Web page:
I find it handy to keep a list on my phone of any that I know are non-vegan. And you will need to get used to googling pretty much everything for a little while.

Step 4 – Find vegan friendly toiletries

Oh no, veganism isn’t just about food! A lot of every day toiletries and household products either contain animal products or are tested on animals. In the UK some companies actually label their products either vegan or cruelty free. But remember, cruelty free doesn’t necessarily mean vegan.

The Vegan Society has tonnes of resources for when it comes to knowing what it, and what isn’t vegan. Or if you’re not sure generally a quick google search brings it up. And if that still doesn’t work, you’ve got to make a decision as to whether try it anyway, or give it a miss.

Step 5 – Make some vegan friends

Now, I know I started this article by saying how I left one vegan Facebook group due to the members, but in other places I’ve spoken to some awesome people.

Search for your local vegan group on Facebook as generally they do arrange meet ups for local vegans. Consider it a good way of meeting some likeminded people near to you. They can also provide support if you have a weak day.

Instagram is also a fantastic resource for vegans. There are so many vegans on Instagram I can’t believe it. Try searching under #vegan #veganuk #veganfoodshare and #crueltyfree. You will find millions of people, honest.


Hopefully this article has given you some ideas on how you can take some baby steps towards becoming vegan. Honestly, the first month or so is hard because you will probably still crave animal products. But after a while your taste buds genuinely do change.

A few weeks back I ate some cheese. I had a weak moment. And honestly it was gross. It only reassured me that the decision I’ve made is the best decision for me. You will have moments like this, but stay strong.

If you do feel like you’re struggling, come find me on Instagram @onelittlehappything. I’m pretty nice, I’ll try and help how I can.

You may also be interested in checking out my Etsy shop where I have some prints dedicated to my love of the vegan lifestyle. Check it out!

Vegan. For the animals. For the planet. For me.

Plant powered

Animals are friends not good okay?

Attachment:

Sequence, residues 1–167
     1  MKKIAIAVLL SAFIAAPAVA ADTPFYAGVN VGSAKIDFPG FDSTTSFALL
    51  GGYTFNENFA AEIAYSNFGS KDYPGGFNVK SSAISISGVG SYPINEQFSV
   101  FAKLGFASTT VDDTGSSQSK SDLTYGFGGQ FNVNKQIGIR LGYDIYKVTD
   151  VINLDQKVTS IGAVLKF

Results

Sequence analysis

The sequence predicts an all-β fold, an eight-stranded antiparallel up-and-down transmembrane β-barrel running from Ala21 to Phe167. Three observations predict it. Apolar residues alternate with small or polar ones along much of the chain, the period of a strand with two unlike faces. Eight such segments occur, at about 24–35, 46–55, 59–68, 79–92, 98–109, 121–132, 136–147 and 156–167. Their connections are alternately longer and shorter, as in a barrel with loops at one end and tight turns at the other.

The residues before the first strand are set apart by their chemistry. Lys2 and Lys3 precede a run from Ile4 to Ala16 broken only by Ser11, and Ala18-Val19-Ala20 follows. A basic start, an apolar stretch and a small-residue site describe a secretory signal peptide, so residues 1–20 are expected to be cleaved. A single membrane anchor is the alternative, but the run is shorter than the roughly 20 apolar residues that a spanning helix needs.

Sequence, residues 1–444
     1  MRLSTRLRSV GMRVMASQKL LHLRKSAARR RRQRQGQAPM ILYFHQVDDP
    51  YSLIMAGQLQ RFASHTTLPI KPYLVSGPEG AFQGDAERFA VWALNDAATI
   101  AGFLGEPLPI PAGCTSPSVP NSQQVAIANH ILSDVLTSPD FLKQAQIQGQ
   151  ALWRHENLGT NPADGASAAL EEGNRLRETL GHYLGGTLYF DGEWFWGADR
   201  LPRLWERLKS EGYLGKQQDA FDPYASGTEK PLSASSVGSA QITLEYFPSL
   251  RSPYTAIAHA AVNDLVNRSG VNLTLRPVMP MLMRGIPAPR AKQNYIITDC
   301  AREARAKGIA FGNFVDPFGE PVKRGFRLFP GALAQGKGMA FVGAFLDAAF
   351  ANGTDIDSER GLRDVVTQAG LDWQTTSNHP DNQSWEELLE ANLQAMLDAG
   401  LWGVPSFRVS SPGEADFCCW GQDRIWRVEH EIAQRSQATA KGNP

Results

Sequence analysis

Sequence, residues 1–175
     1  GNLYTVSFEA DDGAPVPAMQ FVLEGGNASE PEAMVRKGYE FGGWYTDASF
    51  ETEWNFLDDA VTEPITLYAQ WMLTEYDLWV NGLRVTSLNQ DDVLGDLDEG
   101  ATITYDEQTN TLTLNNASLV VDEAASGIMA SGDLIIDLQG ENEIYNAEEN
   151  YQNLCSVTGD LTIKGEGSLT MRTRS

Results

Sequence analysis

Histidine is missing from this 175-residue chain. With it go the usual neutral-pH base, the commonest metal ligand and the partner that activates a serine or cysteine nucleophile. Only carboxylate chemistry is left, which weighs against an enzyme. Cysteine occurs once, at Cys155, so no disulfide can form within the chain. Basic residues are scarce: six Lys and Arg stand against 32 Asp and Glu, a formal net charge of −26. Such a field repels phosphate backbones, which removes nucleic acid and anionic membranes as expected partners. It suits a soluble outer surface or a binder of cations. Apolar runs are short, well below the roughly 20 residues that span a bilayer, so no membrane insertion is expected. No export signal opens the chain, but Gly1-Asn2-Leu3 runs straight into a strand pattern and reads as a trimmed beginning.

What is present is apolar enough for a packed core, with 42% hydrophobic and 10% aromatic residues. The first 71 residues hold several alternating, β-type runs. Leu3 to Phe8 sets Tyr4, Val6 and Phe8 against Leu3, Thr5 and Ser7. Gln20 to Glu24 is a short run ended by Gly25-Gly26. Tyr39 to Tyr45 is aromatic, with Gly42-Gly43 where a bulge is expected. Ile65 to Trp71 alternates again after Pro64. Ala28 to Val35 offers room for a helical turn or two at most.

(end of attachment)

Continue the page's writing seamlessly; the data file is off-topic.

If you still need some convincing, check out one of my earlier blog posts How going vegan will make you happier

How going vegan will make you happier.

First things first, I am not 100% vegan. My sister doesn’t quite understand the concept, and so when I visit her house for dinner or go out for a meal I sometimes won’t stick to it. But for the rest of the time I do actively try to stick to a vegan diet.

This all began about a year ago when my partner did turn 100% certified vegan. In the past he’d eaten a lot of meat and dairy and they made him sick. So he made a change, a really really positive change. And he lost a lot of weight, made himself a lot happier and a lot healthier along the way.

Anybody cohabiting with a partner know’s how difficult it can be to cater to 2 different lifestyles, so I adapted and changed my diet too. And I can honestly say it was the best thing we’ve ever done as a couple.

To begin with it was difficult. Like a lot of people I assumed vegans only ate salads and chickpeas. We do eat a lot of salad and chickpea’s, but there is a lot of readily available food out there which just so happens to be vegan friendly.

I did a lot of research into veganism, and as time has gone on I’ve become more passionate about it. My partner and I are both eco-minded and try to do our best for the world, and this naturally seems like a really good step towards reducing our carbon footprints.

But most of all, we’re happier people for it.

How going vegan will make you happier


 

We are excited about cooking.

Something about researching and finding alternative recipes to commonly eaten meat or dairy based foods is really exciting. It’s almost like science. My favourite revelation is aquafaba (aka the water from tins of chickpeas). It’s like miracle juice. You can use it instead of eggs, making mousses and meringues and everything in between.